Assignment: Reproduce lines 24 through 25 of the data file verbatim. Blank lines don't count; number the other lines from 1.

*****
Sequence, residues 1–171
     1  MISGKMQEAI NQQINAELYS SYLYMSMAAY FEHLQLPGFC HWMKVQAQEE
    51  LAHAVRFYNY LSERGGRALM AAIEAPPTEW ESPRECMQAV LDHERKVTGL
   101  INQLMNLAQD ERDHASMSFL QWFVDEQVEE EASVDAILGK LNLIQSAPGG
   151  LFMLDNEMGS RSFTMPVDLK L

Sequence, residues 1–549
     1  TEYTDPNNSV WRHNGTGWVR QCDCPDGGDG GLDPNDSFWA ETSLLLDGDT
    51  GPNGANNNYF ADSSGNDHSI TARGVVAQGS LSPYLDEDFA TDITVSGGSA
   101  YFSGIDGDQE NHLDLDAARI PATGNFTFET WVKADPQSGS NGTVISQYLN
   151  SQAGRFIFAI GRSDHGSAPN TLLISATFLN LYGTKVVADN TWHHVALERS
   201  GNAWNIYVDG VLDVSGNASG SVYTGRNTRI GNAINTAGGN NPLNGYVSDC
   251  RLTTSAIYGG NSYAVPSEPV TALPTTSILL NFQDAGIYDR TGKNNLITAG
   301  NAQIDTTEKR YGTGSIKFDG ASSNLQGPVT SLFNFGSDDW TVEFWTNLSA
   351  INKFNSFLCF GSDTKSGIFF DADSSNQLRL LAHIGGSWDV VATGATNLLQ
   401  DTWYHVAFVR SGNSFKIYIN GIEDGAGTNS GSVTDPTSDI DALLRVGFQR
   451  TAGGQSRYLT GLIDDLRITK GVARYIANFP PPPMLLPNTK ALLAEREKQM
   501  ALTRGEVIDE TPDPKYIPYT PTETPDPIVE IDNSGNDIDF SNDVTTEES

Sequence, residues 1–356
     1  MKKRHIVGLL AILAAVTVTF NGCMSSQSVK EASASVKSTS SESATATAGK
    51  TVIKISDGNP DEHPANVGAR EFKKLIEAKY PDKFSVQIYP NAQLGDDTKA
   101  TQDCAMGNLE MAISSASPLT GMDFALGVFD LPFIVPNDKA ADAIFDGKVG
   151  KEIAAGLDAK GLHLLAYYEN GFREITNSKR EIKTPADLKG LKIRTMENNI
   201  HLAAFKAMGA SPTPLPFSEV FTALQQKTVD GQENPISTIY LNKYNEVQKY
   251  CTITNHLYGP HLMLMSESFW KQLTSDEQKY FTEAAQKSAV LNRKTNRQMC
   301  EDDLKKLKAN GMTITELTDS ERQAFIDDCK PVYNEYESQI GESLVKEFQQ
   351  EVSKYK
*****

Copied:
   251  CTITNHLYGP HLMLMSESFW KQLTSDEQKY FTEAAQKSAV LNRKTNRQMC
   301  EDDLKKLKAN GMTITELTDS ERQAFIDDCK PVYNEYESQI GESLVKEFQQ